City plans repairs to Lake Mallalieu Dam
The Hudson City Council voted July 18 to proceed with an estimated $60,000 worth of repairs to earthen embankments at the Lake Mallalieu Dam.
The city is hoping that St. Croix County, North Hudson and the town of Hudson will pick up $48,000 of the cost.
According to Wastewater Superintendent Jim Schreiber, the upper 25 feet of the embankments facing the river on either side of the dam have eroded in recent years.
Schreiber, whose job duties include looking after the dam, said the upper portions of the embankments were covered with turf for esthetic reasons when the embankments were last repaired in 1998.
The erosion occurs during periods of high water on the river, Schreiber reported to the council's Public Works Committee, which met shortly before the meeting of the full council.
The project will consist of restoring the embankment slopes, covering the slopes with a geotextile fabric, and then placing riprap on top of the fabric.
A breakdown of the estimated project costs prepared by BRA & Associates, the city's consulting engineers, shows $46,150 for construction and $13,850 for engineering and administration.
St. Croix County will be asked to pay half of the project costs, as it did the last time the dam, which creates Lake Mallalieu, was repaired. While the city oversees the dam, most of Lake Mallalieu lies outside of the city.
The city's projected share of the project costs would be $12,000 (20 percent), with the village of North Hudson also paying $12,000, and the town of Hudson paying $6,000 (10 percent).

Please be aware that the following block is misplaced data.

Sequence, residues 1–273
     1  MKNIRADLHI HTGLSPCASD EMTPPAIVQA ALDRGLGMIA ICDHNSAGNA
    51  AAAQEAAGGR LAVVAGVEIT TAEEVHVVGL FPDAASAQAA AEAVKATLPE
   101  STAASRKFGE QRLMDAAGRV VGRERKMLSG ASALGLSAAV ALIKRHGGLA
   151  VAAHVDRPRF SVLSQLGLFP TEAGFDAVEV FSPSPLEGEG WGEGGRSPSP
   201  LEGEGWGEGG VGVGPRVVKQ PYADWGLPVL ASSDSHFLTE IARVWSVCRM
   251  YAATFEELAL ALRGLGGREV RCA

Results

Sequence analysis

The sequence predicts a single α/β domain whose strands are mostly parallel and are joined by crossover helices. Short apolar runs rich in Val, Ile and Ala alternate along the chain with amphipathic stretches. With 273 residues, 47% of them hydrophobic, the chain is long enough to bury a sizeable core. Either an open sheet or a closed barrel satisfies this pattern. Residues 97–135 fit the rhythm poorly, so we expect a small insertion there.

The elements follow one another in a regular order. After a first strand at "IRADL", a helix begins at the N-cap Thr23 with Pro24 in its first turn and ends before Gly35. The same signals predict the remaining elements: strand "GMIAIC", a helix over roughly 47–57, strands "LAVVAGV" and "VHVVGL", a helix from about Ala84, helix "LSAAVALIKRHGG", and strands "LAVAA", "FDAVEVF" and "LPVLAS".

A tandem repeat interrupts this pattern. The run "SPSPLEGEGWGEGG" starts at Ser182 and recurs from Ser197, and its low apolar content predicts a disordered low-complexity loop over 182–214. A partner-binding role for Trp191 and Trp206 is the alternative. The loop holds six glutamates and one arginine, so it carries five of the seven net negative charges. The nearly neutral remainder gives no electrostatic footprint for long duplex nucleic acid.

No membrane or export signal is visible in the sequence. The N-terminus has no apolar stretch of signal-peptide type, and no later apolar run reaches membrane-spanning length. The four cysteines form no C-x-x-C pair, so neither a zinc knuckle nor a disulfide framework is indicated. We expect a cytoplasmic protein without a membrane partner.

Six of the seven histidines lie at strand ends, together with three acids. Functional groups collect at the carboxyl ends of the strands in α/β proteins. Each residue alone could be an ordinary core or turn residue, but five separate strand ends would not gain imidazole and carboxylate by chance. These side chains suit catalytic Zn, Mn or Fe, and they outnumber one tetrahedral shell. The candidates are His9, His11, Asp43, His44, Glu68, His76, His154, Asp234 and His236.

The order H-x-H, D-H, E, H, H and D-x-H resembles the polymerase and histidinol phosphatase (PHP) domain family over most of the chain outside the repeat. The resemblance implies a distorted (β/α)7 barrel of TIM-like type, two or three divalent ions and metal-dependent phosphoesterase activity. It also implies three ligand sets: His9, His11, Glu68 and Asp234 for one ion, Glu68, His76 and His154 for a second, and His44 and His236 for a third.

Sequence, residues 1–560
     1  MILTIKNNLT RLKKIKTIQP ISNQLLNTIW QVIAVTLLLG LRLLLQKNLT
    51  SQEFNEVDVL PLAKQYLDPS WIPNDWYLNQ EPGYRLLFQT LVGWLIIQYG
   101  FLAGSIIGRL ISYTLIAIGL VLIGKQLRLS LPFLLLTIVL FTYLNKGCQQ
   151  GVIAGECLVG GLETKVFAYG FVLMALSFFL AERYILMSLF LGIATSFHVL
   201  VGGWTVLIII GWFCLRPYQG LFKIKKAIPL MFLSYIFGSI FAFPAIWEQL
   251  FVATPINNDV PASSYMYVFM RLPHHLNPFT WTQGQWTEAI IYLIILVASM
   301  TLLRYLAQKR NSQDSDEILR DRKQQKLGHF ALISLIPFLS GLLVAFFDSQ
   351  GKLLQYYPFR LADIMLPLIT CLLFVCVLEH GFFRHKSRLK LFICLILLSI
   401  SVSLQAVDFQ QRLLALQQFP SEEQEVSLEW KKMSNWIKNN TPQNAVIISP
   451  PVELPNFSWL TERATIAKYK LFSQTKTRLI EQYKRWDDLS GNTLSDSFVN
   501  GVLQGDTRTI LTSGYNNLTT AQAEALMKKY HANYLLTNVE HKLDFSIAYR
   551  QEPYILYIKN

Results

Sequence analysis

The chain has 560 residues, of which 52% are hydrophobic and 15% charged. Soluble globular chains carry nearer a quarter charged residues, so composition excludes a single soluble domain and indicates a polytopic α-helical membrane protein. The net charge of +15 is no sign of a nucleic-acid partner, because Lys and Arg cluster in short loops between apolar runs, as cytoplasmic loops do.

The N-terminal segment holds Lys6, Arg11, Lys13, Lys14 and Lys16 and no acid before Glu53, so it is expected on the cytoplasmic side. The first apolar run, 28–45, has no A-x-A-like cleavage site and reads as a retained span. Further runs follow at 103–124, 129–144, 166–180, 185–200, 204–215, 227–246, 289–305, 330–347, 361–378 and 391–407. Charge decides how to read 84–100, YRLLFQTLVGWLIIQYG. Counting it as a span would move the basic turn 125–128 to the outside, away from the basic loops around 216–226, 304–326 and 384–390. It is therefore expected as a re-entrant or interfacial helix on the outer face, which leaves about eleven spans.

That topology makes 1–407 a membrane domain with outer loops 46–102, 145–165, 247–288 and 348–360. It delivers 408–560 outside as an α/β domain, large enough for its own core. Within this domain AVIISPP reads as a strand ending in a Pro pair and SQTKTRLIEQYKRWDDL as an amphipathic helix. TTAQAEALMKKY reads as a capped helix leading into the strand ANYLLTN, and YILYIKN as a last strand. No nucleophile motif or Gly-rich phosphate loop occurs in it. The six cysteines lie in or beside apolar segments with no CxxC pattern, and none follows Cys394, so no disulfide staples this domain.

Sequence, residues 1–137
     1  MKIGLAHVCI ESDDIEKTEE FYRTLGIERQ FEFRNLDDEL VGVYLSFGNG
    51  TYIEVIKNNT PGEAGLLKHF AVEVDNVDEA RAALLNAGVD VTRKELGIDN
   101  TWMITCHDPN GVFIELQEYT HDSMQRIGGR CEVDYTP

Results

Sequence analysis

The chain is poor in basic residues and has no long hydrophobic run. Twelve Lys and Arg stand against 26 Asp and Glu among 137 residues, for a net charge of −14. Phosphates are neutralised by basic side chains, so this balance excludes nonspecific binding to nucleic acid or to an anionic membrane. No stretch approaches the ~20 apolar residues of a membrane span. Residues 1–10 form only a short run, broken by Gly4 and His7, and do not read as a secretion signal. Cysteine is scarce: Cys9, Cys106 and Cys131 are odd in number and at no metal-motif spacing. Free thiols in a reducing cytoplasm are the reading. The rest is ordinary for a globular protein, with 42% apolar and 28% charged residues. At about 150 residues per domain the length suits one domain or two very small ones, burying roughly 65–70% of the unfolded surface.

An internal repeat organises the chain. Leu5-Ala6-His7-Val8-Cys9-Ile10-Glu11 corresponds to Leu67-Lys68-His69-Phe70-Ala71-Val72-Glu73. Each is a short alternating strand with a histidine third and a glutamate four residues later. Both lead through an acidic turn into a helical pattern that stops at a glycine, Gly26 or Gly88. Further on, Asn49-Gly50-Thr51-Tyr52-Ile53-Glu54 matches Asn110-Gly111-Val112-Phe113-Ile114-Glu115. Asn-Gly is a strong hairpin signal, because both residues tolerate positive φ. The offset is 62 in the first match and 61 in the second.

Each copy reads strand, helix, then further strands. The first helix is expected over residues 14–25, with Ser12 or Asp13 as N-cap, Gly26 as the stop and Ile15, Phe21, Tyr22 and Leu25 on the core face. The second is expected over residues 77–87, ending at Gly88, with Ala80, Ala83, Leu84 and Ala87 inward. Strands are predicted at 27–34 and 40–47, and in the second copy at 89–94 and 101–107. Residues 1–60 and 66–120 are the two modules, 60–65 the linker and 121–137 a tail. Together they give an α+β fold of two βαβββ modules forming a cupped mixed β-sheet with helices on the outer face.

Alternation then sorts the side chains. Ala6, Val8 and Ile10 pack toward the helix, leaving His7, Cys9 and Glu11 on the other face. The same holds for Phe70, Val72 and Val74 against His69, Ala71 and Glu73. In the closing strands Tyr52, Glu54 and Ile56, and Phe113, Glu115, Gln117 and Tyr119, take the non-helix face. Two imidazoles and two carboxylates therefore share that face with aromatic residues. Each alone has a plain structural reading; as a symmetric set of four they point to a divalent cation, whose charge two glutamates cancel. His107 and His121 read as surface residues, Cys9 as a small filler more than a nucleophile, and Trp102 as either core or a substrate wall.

The council vote authorized the city staff to prepare the project specifications and solicit construction bids from contractors.
Mallalieu water quality concerns
John Gostovich, president of the Lake Mallalieu Association, and lake resident Martin Best addressed the Public Works Committee concerning storm water discharges into the lake.
Best said last winter's drawdown of the lake had revealed large amounts of sediment deposited into the lake at city storm sewer outlets - in addition to debris that included a car engine and car axle.
The biggest deposit, Best said, was at the outlet draining the Swede Hollow neighborhood in the older part of city.
Best and Gostovich asked the council to consider undertaking a study to determine what storm sewers are contributing to lake sedimentation, along with ways to remedy the problem. They said the Wisconsin Department of Natural Resources provides grants to municipalities to fund storm water runoff control. They said that the county and village of North Hudson might share in the cost of the study.
The two reported being impressed with the measures River Falls has taken to control storm water run-off into the Kinnickinnic River.
Dennis Postler of BRA & Associates, the city's consulting engineering firm, said Hudson would soon be required by the federal government to do storm water mapping anyway, because it has passed the threshold of having 10,000 residents.
Council President Scot O'Malley indicated that the city staff would apply next spring for a DNR grant to partially fund a storm water study. O'Malley said the city would talk to the village of North Hudson and the town of Hudson about joining in the study.
In other business at its July 18 meeting, the council: